F is for Figurative

Dear 8B,

Words have multiple meanings. Sometimes a word that has a concrete meaning can  be employed in certain contexts in a symbolic or figurative way.

A black night – A black mood – A black heart

For instance, if you write the sentence, “It was a black night”, the word “black” is fairly concrete and limited, assuming that you are describing a dark night with not much moonlight. In the sentence, “She was in a black mood”, however, the word “black” suggests “low” or “pessimistic“. When you place this seemingly simple adjective into the phrase, “He has a black heart”, its meaning mutates once more; in this context it signifies “wicked” or “callous“.

By describing Carl as “a bloated pincushion on sturdy legs”, Moloney emphasises the boy’s vulnerability and sensitivity to the hurtful remarks of others.

In the novel that we are reading, A Bridge to Wiseman’s Cove, James Moloney often employs words in a figurative way in order to convey the intense emotions and experiences of his characters. Appreciating his use of imagery will help you to identify and explore the themes and to understand the characters in his novel.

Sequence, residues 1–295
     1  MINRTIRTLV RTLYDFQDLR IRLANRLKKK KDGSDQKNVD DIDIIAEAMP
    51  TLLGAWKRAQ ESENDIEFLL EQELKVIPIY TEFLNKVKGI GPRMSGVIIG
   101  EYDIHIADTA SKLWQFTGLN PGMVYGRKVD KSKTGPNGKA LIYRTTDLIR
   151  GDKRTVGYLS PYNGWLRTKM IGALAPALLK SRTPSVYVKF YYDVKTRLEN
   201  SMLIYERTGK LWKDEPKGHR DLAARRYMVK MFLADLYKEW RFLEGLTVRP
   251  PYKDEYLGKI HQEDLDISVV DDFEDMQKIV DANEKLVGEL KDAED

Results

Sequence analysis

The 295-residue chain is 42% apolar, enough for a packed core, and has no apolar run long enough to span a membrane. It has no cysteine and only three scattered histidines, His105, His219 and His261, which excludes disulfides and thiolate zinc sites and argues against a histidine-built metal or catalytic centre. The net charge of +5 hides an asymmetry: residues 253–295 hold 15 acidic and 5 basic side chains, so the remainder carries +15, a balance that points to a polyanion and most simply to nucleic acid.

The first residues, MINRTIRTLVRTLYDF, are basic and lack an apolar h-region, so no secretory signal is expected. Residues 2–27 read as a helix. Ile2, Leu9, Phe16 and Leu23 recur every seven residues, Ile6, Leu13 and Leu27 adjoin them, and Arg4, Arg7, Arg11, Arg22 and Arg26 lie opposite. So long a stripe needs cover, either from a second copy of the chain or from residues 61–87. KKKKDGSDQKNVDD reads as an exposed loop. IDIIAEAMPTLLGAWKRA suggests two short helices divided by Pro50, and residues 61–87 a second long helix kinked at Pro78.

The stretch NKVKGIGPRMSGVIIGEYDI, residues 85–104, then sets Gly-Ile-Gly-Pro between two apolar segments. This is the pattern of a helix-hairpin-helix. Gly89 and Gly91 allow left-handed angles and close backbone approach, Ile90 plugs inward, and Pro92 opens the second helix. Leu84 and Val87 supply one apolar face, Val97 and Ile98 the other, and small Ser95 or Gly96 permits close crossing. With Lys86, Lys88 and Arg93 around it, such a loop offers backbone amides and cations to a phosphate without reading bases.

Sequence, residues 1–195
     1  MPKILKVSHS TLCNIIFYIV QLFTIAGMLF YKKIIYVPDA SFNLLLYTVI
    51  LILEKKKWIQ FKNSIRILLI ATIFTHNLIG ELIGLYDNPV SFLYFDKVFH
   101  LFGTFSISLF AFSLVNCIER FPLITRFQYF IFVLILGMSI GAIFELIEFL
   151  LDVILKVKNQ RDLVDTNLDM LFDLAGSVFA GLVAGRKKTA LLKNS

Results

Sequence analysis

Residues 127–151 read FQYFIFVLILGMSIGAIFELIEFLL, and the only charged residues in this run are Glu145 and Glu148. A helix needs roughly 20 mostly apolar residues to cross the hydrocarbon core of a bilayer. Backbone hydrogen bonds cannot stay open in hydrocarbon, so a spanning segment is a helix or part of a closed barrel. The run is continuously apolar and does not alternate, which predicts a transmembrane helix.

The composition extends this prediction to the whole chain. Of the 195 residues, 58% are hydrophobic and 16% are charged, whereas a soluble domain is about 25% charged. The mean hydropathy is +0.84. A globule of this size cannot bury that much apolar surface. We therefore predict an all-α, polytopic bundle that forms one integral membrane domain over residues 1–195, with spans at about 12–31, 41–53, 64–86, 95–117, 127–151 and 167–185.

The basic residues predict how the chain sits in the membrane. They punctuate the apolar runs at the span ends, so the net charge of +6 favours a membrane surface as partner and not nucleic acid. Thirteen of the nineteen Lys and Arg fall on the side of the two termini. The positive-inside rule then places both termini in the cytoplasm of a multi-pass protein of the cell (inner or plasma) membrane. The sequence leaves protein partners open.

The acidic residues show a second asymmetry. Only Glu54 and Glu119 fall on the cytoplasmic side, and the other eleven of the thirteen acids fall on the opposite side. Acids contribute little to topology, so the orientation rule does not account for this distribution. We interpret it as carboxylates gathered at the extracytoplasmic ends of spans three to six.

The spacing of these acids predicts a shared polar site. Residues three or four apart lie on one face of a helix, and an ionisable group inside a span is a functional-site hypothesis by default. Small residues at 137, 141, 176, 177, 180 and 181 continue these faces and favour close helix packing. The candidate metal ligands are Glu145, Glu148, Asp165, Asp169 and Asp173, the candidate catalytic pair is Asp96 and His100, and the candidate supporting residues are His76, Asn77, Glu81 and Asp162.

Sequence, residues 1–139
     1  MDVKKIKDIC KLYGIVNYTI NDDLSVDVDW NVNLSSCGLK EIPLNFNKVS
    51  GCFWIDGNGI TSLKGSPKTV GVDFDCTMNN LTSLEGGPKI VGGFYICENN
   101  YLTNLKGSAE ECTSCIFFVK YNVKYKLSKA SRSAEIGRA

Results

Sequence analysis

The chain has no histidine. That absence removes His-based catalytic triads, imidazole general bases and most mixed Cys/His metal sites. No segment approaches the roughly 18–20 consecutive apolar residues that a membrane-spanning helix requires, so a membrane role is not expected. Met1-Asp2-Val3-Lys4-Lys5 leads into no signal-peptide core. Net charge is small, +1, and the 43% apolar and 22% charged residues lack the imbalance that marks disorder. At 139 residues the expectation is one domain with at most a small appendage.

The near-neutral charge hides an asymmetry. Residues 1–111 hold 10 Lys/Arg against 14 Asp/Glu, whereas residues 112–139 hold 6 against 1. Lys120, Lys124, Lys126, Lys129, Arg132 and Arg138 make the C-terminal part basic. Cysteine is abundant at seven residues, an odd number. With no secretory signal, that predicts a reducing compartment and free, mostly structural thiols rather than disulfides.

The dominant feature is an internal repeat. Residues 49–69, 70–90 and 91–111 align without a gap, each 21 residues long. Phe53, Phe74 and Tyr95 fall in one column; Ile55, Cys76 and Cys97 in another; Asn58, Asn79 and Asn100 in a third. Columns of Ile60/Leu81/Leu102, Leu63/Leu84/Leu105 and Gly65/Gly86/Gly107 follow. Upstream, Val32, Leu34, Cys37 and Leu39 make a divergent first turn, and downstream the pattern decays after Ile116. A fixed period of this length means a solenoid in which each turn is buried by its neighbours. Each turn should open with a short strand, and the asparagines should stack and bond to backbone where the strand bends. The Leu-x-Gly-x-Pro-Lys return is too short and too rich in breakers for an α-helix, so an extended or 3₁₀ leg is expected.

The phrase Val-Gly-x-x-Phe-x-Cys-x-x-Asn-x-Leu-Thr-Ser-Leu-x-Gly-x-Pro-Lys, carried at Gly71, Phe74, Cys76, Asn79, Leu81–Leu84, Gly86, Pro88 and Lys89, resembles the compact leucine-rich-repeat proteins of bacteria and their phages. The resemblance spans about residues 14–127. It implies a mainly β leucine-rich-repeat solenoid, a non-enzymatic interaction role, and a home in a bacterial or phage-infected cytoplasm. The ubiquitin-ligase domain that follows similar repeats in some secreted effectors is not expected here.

The pictures below show symbols that are frequently used in figurative ways. For instance, we might say that we are offering “the hand of friendship”, that our motives were as “pure as the driven snow” or that a friend has a “fiery temper”. Can you think of a figurative usage for one of these objects or symbols? 

A sword, an island, a chess set, a candle, a pen, a suitcase, an anchor, a lightbulb, a book, snow, a hand, barbed wire – all physical objects with a potentially figurative meaning…

Write a comment in which you explain a possible symbolic meaning for one of these objects OR describe yourself by using a metaphor. James Moloney’s writing includes many moving and sometimes amusing examples that will aid you in employing figurative language yourselves.

Kind regards,

Ms Green

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